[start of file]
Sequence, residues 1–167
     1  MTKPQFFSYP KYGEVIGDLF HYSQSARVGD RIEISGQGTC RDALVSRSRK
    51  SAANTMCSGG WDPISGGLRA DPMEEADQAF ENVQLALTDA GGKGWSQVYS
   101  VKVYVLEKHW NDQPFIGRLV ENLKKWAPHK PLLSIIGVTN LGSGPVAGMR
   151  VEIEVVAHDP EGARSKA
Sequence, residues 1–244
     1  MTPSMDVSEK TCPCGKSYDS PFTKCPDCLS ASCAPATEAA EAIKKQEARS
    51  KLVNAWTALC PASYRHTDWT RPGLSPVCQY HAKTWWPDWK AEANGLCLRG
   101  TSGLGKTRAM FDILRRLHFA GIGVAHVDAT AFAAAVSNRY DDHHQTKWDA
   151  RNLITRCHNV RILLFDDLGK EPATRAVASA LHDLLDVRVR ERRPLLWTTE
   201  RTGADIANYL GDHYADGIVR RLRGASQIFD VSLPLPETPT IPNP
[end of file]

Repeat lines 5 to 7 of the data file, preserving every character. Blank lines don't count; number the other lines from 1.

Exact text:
   151  VEIEVVAHDP EGARSKA
Sequence, residues 1–244
     1  MTPSMDVSEK TCPCGKSYDS PFTKCPDCLS ASCAPATEAA EAIKKQEARS